A couple of weeks ago I went to see ‘From Time to Time’, a movie based on a children’s novel by L.M. Boston. I was eager to see it, and I suppose it’s always a danger, seeing the film of a beloved book…and yes, I was disappointed and left wondering, how could they get it so wrong? But then the film is not the book, and will be soon forgotten while the spell of those Green Knowe novels is still strong for me. In fact, I immediately re-read the first couple of them – ‘The Children of Green Knowe’ and ‘The Chimneys of Green Knowe’. Green Knowe is a strange old house, part Norman, part Elizabethan, part Georgian, where the past is alive in the objects and pictures and furnishings of the house, the trees and plants in the garden, the stones and beams of the place. Ghosts are part of everyday life, but so are meals and gardening and the weather. It is both real and un-real, enchanted, magical and also down to earth. I still enjoyed the stories, but I found even more than that, I was gob-smacked by the writing. As a teenager, first reading these books, I never realised just how beautifully written they are, how ‘literary’, and I suppose that the beauty of the writing must always have been part of the spell. Here’s the section of ‘The Children of Green Knowe’ where little Toseland – later called just Tolly – first enters his great-grandmother’s house.
The entrance hall was a strange place. As they stepped in, a similar door opened at the far end of the house and another man and boy entered there. Then Toseland saw that it was only themselves in a big mirror. The walls round him were partly rough stone and partly plaster, but hung all over with mirrors and pictures and china. There were three big old mirrors all reflecting each other so that at first Toseland was puzzled to find out what was real, and which door one could go through straight, the way one wanted to, not sideways to somewhere else. He almost wondered which was really himself.
There were vases everywhere filled with queer flowers- branches of dry winter twigs out of which little tassels and rosettes of flower petals were bursting, some yellow, somw white, some purple. They had an exciting smell, almost lieks oemthing to eat, and they looked as if they had been produced by magic, as if someone had said ‘Abracadabra! Let these sticks burst into flower.’
“What if my great-grandmother is a witch!” he thought. Above the vases, wherever there was a beam or an odd corner or a doorpost out of which they could, as it were, grow, there were children carved in dark oak leaning out over the flowers. Most of them had wings, one had a real bird’s nest on its head and all of them had such round polished cheeks they seemed to be laughing and welcoming him.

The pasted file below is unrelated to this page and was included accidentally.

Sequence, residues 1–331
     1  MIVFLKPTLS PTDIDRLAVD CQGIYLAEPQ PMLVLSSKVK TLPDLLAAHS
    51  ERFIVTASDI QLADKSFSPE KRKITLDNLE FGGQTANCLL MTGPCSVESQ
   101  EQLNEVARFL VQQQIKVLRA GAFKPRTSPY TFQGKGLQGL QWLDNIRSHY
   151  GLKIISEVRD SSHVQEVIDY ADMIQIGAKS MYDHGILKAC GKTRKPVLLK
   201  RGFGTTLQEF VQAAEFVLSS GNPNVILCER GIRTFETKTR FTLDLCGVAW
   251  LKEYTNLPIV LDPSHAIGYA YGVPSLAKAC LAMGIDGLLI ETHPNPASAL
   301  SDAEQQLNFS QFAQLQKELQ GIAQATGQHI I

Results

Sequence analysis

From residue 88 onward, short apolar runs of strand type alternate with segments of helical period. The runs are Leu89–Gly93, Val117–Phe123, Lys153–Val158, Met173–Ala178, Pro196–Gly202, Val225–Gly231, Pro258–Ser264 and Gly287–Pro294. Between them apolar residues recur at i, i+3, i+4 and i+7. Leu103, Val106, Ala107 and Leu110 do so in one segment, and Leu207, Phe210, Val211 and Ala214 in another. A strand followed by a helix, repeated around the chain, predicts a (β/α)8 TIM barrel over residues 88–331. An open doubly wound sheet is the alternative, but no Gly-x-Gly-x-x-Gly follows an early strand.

(The illustration that goes along with this – of the carved angel with a nest in its arms – is also very beautiful. All the illustrations for the books were done by Lucy Boston’s son, Peter.)
I think ‘entranced’ is the right word, back then when I first read the book, and now, re-reading after many years. I had remembered the story – stories, really, for layered along with the story of Tolly discovering the house are the stories that Mrs Oldknowe tells about the 17th century family of Linnet, Alexander and Toby – and the atmosphere. Books do form part of your understanding and experience of the world, and I realise that whenever I visit old houses I am primed to seek that sense of past lives she created at Green Knowe.
I also read L. M. Boston’s memoir about the model for Green Knowe (the Manor at Hemingford Grey) called ‘Memory in a House’ and started another memoir ‘Perverse and Foolish’ but oddly found that I didn’t like Lucy Boston very much. Or rather, found her prickly and a bit cranky and thought if I had met her, I probably would have been a bit afraid of her. And last, but most interesting in this Lucy Boston jag, I read her novel for adults, ‘Yew Hall’, which is, frankly, weird – but I read it all in one go. Again, I was astonished – or enchanted, or amazed; taken right out of myself is what I am trying to say – by the beauty of the writing. Really really good ‘nature’ writers, like Annie Dillard , do this to me too. Here’s a description of roses.
One was a single rose of an open splendour like an assembly of planets. The other was the Painted Damask, which opens as a cup packed with cream petals in concave whorls, every one edged with crimson; then with the engaging habit of many roses it turns itself inside out and takes the shape of a bubbling spring, one curled dome above another, pearl in the centre and arabesques of crimson lines around the circumference… I imagined the raiser who first found or hybridized it, perhaps in the seventeenth century, and the gardens in which it grew, the novelty of the day. It went well with the looped and ribboned clothes of the time. It was obviously once a sophisticated rose, but now encased in the density of time like moss in amber. The single rose was one that I wished had never grown in any garden but this, it seemed to have sprung from the necessity to be here, the mark of the house. These were too precious for picking. I left them on their trees and browsed round the better established treasures, trying to see each one for the first time, and amazed at the stupidity and blindness of my habit-dulled eyes.
After reading that, when I went out into my garden, I was so – sorry, but there’s another extravagant word coming – intoxicated that I was quite crazy with seeing. And was rewarded with a plum tree full of white blossom and birds. A flock of greyish-green silver-eyes was chirping and hopping from branch to branch among the flowers and petals were falling all around them. I wish I had Lucy Boston’s pen to describe it.